More than just carrots: the role of nutrition in preventing myopia.
Many people will remember their grandmothers telling them to eat carrots for better eyesight, but these ladies were only partly correct. As with so many health-related questions, the answer to the question of what foods can help in the fight against myopia is: “It’s complicated.” Australian behavioural optometrist Jacqueline Gattegno explains the basics of what we know about myopia and the role of healthy nutrition in safeguarding eyesight.
“Studies often produce tantalising results that are all-too-easy to misinterpret,” says Jacqueline. “For example, a famous study found that children who developed myopia ate less energy-rich foods, had a lower intake of B-vitamins and vitamin C, and ate less fatty and protein-rich foods.”
“That may seem conclusive enough, but it was found that there were no significant height or weight differences between myopic children and their peers, which would be expected when nutritional intake was low enough to indicate malnourishment. As a result, the researchers were forced to conclude that the myopes weren’t undernourished and may just have represented a group with a lower energy requirement.”
“The point about physical energy requirements opens the door to speculation. There is definitely research showing a link between spending too much time indoors and the progression of short-sightedness. However, we don’t know anything about indoor versus outdoor activity in the group with ‘lower energy requirements.’ It’s certainly possible that this was a more sedentary group that spent less time in outdoor play, but even if it was, it can’t be known whether the same nutritional findings would have applied had both myopic and non-myopic groups of children been exposed to the same levels of activity, particularly outdoor activity.”
Sometimes, it’s best to take an uncomplicated view to eliminate confusion, and that’s just what Jacqueline does. “It’s an accepted fact that a healthy, balanced diet is important to one’s health, and there’s no reason to believe that eye-health is any different. There are certain foods that are linked to the maintenance of eye-health, but they shouldn’t be viewed in isolation. Balance will always be key in nutrition and a balanced diet should benefit eye-health along with overall physical health.”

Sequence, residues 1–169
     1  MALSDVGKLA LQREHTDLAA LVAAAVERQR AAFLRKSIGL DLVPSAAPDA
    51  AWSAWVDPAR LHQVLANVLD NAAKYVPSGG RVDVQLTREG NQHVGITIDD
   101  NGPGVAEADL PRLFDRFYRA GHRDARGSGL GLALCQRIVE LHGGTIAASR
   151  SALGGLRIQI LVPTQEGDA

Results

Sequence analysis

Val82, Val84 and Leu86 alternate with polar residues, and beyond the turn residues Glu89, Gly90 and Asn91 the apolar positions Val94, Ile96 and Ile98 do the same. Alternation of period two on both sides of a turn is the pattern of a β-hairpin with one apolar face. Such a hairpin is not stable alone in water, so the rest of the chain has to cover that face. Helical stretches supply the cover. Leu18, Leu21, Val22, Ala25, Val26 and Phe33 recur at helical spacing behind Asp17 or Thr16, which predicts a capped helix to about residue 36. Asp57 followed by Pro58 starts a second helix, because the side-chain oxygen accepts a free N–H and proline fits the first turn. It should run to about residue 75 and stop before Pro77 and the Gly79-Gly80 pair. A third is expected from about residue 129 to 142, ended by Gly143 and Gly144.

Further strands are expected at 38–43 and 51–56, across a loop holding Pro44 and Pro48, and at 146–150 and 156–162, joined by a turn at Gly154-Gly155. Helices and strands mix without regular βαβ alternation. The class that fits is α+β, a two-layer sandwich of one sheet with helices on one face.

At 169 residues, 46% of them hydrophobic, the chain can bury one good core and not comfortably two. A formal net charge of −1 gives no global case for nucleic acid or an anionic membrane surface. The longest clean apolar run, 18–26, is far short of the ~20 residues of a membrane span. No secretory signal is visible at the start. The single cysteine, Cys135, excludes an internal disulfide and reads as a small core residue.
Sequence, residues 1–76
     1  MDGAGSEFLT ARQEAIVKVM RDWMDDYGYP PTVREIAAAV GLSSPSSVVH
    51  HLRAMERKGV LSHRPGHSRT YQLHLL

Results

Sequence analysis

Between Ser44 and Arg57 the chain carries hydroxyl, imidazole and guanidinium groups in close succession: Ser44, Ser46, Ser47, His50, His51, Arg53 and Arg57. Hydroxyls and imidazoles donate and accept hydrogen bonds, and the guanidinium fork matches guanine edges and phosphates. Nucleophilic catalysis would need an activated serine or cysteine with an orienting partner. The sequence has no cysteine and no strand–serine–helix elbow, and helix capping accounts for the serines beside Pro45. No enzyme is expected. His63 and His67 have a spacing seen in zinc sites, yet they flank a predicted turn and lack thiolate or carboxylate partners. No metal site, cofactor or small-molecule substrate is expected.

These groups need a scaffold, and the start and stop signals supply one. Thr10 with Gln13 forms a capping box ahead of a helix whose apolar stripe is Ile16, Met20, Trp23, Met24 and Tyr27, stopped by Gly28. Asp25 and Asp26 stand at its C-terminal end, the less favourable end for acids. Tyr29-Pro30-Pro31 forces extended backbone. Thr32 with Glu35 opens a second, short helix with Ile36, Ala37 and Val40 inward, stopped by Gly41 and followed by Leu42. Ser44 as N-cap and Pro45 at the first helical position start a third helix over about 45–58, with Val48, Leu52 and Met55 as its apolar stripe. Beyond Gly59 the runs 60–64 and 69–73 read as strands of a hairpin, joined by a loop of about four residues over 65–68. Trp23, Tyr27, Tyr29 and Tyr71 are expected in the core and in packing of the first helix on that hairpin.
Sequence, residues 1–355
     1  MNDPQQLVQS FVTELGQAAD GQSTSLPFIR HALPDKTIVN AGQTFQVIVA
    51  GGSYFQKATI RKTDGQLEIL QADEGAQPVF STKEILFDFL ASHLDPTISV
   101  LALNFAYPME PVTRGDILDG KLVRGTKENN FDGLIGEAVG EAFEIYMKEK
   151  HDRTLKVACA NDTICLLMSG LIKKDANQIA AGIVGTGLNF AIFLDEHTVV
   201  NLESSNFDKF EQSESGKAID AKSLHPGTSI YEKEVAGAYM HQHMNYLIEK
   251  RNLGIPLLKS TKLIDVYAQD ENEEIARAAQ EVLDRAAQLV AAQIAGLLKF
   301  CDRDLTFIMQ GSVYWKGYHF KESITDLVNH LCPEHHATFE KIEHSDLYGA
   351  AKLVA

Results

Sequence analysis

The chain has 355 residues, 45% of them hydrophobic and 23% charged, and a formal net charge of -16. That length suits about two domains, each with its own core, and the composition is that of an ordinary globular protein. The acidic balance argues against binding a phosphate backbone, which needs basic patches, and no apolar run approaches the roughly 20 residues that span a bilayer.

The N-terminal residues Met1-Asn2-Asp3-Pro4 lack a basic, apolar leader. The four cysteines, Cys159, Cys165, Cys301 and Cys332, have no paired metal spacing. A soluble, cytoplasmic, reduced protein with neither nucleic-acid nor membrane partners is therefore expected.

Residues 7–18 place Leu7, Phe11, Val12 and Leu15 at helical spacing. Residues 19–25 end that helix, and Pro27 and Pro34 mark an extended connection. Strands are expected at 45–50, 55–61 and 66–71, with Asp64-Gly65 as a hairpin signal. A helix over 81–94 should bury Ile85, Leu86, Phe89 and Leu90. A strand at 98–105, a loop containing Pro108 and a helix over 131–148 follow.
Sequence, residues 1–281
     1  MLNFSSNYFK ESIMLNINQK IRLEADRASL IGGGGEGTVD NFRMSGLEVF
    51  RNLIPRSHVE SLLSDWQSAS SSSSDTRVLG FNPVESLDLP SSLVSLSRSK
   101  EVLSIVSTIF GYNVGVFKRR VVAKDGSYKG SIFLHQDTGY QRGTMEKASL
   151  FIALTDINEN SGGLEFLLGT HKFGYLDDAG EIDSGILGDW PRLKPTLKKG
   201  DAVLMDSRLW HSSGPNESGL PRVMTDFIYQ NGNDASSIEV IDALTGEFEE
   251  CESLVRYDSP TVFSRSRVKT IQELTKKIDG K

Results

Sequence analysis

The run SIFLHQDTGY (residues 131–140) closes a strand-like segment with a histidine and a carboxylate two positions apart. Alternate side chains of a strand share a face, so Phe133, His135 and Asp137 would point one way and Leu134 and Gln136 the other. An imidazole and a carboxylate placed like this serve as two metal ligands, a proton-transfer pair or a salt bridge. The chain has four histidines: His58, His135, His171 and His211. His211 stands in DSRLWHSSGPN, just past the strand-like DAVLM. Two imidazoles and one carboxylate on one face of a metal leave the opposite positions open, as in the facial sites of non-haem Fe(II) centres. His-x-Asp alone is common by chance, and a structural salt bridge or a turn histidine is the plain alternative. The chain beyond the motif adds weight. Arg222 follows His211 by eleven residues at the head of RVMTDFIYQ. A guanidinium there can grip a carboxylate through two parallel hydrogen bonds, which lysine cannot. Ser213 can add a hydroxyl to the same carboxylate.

Balance is certainly a sensible approach, but knowing which foods (other than carrots) are best for maintaining healthy eyes and possibly even clear vision is nevertheless of interest. As with all things eye-related, Jacqueline has the available information at her fingertips.
“Oily fish like herring, mackerel, sardines, salmon and tuna top the list. There’s evidence that the Omega-3s found in oily fish can contribute to reducing dry eye issues, and Omega-3s are linked to a host of other health benefits,” says Jacqueline. Seeds and nuts also contain Omega-3s, and unless there are allergies to add to the equation, they’re a healthy snack food for between-meals nibbling.
“Antioxidant vitamins are believed to protect against various age-related eye problems, and the best source of these nutrients is to be found in fresh fruits and vegetables. Once again, the whole body benefits and people of all ages can enjoy better health. And yes, carrots are good because they contain Vitamin A – so the old urban legend wasn’t altogether wrong.”
“Beef and eggs contain zinc, which is an element found in higher levels in the eyes than elsewhere in the body, so it’s possible that both of these foods, as well as other foods containing this trace element, are good for the eyes.”
Last but not least, Jacqueline observes that water helps to keep the body functioning as it should, and that applies to the eyes too. It is known that staying hydrated can help to reduce dry eye symptoms, and that’s just one of the many benefits of drinking enough water. By now, we’ve covered most of the ingredients of a balanced diet, but it does serve to illustrate that there’s no ‘silver bullet’ when it comes to eating for healthier eyes and better vision.”
For more information on vision and the importance of eye health, or to book an appointment for a thorough eye or vision check-up, visit the Smart Vision website: Optometrists Sydney: Optometry Services For Children and Adults | Smart Vision; for specific information about Myopia treatment and prevention visit Myopia Prevention: Solutions, Control And Treatment In Sydney; and for detailed information about Myopia Treatment visit Orthokeratology In Sydney: The Non Surgical Alternative.
To book an appointment for a thorough eye check-up, click here or Call the Bondi clinic on (02) 9365 5047 or the Mosman clinic on (02) 9969 1600.
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Disclaimer: The views, suggestions, and opinions expressed here are the sole responsibility of the experts. No Boston New Times journalist was involved in the writing and production of this article.